The triumphant leader of the far-right National Front (FN), Marine Le Pen, says French voters rejected the "old political class" in regional elections that put her party top.
Nearly one-third of voters backed the anti-immigration FN, which won in six out of France's 13 regions.
Despite the FN surge, a second round on 13 December will be the decider.
It was the first electoral test since last month's Paris attacks, in which jihadist gunmen killed 130 people.
The nationalist FN got about 28%, ahead of the centre-right Republicans party led by former President Nicolas Sarkozy, which polled just under 27%, and the governing Socialist Party (PS), trailing with 23.5%.
The PS said it was withdrawing from the second round in two regions, in the north and south, to try to block a run-off victory for the FN.
On Twitter, Marine Le Pen said both the PS and Republicans "are crumbling" and "the French people are sick and tired of that old political world".
In a series of interviews she condemned the PS for withdrawing some candidates from the second round, saying the PS was "neither loyal nor democratic" and was "treating its voters like ballot fodder".
The PS candidate in a third region, Alsace-Champagne-Ardenne-Lorraine in eastern France, rejected a call from party leader Jean-Christophe Cambadelis to withdraw in the second round. Jean-Pierre Masseret said he could not be expected to leave 5.5 million people in the hands of a Republican party that had veered to the extreme or an extreme nationalist right.
Mr Sarkozy refused to do any tactical deals with the PS for the second-round ballot.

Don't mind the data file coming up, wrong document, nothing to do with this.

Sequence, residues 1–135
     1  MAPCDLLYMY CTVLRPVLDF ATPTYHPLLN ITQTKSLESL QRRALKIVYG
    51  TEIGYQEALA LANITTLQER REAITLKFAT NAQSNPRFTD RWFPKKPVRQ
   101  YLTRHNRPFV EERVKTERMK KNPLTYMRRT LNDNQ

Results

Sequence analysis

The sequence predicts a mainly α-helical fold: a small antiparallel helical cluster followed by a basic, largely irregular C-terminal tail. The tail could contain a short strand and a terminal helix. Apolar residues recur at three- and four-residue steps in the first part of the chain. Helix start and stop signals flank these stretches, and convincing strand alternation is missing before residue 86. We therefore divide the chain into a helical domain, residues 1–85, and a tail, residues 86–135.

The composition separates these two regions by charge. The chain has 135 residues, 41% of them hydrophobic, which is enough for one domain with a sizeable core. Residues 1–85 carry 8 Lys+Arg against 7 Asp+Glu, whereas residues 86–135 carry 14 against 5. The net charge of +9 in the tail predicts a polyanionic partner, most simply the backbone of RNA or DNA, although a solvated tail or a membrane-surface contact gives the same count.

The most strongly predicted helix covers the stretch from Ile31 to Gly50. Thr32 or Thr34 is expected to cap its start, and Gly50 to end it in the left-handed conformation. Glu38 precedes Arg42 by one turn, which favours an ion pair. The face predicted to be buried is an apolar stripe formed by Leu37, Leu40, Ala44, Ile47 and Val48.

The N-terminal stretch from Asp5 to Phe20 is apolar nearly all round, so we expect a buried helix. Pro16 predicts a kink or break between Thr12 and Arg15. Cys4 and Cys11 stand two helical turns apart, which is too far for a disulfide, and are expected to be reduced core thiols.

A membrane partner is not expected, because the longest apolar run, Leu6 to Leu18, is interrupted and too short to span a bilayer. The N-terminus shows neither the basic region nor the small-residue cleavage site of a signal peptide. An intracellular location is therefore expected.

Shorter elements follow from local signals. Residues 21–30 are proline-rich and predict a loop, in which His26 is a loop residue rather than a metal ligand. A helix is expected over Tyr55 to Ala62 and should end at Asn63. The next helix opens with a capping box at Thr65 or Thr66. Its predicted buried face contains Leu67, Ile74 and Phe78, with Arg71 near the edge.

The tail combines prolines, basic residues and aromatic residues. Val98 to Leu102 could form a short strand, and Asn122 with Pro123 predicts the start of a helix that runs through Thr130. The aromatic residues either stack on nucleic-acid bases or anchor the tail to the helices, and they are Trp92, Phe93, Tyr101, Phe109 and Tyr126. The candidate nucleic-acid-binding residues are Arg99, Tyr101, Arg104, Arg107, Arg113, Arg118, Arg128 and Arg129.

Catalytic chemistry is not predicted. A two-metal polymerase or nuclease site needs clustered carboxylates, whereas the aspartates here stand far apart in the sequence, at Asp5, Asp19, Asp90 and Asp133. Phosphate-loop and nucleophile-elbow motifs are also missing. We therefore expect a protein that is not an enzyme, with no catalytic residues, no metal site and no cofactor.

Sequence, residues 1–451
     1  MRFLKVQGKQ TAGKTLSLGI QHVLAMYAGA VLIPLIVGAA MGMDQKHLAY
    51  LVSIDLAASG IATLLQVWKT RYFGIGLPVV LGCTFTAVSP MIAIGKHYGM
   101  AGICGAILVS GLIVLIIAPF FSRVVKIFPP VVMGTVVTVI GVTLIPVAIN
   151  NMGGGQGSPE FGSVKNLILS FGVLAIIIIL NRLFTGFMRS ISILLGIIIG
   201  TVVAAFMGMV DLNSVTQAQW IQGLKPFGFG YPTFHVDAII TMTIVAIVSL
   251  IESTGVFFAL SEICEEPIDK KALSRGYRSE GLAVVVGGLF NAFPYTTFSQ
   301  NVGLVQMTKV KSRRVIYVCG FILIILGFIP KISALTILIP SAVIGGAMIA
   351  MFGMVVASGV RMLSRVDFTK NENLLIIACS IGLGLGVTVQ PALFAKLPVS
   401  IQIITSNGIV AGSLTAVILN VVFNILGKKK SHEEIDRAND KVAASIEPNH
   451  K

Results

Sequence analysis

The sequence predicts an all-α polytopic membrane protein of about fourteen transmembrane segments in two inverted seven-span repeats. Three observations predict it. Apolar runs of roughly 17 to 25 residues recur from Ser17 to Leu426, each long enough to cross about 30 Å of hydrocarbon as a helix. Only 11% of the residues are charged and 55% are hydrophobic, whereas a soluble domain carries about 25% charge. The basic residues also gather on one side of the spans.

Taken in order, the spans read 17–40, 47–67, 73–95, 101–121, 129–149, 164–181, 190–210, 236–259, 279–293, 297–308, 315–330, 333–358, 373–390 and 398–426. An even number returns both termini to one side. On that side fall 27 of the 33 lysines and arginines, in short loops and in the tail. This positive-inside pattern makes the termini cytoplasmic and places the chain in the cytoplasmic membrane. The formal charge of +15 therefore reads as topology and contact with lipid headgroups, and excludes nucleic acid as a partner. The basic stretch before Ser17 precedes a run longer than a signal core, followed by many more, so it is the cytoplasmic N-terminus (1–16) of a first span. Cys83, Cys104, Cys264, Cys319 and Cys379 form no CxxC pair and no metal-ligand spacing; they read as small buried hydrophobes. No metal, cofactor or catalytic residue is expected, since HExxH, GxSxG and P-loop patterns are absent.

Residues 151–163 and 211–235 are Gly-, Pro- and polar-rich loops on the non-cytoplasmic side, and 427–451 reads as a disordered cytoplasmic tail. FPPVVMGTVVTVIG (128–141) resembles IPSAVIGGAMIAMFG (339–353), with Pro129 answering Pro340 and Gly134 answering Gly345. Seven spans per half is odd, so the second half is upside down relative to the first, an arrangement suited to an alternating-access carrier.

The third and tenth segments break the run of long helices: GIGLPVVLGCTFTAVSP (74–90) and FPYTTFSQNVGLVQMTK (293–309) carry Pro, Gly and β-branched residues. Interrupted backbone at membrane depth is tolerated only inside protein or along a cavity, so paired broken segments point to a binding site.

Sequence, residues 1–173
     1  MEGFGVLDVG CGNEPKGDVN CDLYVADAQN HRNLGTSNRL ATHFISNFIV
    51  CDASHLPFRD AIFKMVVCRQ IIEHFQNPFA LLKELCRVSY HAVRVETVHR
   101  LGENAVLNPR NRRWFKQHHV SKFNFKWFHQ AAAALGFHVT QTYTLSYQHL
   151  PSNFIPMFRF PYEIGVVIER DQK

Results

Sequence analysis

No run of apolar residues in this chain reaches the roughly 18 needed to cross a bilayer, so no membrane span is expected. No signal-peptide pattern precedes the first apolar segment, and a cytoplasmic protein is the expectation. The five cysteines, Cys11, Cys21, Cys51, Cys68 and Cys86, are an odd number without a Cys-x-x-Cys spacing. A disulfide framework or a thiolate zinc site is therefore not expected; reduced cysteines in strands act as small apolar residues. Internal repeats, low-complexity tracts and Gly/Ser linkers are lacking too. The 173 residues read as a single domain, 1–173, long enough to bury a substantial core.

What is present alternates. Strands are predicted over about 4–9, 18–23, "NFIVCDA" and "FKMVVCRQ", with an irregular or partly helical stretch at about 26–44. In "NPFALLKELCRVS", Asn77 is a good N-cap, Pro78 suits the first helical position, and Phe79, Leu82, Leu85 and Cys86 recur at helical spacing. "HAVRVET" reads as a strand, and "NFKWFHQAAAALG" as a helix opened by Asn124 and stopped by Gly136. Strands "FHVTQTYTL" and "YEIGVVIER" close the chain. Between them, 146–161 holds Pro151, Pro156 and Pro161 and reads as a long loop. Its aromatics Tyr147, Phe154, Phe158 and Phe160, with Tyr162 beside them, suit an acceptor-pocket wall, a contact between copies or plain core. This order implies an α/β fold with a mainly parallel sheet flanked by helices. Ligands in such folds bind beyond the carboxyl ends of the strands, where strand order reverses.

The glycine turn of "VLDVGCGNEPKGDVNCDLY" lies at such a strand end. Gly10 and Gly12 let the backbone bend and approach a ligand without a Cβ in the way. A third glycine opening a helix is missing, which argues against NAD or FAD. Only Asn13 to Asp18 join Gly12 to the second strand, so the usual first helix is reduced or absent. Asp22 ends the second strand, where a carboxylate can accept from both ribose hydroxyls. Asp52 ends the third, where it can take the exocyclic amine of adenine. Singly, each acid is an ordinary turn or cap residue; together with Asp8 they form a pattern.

The result on Sunday was a major blow for Socialist President Francois Hollande, who had seen improved poll ratings after the Paris attacks.
'First party of France'
France's new regional authorities have wide powers over local transport, education and economic development.
The vote is also an important test of FN support ahead of the 2017 presidential election.
Analysis: Hugh Schofield, BBC News, Paris
There is a surly anti-establishment mood in France, of which the National Front- a quintessential anti-establishment party - is taking full advantage.
Of course triumph for the FN will not necessarily translate into power.
The regional elections (like most French elections) are in two rounds. Next Sunday, voters may rally around the two main parties.
But in two regions - the north and on the Cote d'Azur - the National Front has smashed the opposition. In a third - Alsace - its chances are very strong. Others are not beyond reach.
Marine Le Pen has distanced the FN from her father Jean-Marie Le Pen, who founded it and has been prosecuted for anti-Semitism. She argues that France cannot take in more Muslim immigrants.
Widespread anxiety about immigration and the fear of further terrorist attacks are believed to have boosted the FN's support.
Marine Le Pen stood in Nord-Pas-de-Calais-Picardie, an economically depressed northern region that used to be a Socialist stronghold.
Her niece Marion Marechal-Le Pen stood in Provence-Alpes-Cote d'Azur in the south. Both won more than 40% of the vote, breaking previous records for the party.
Marine Le Pen called it a "magnificent result" which proved the FN was "without contest the first party of France".
The FN "is putting down roots, structuring itself and steadily winning the confidence of the French people", she told RTL radio.
The FN had previously won European Parliament elections in France and local government elections.
The regional election was held under a state of emergency declared after the Paris attacks, which were claimed by so-called Islamic State militants.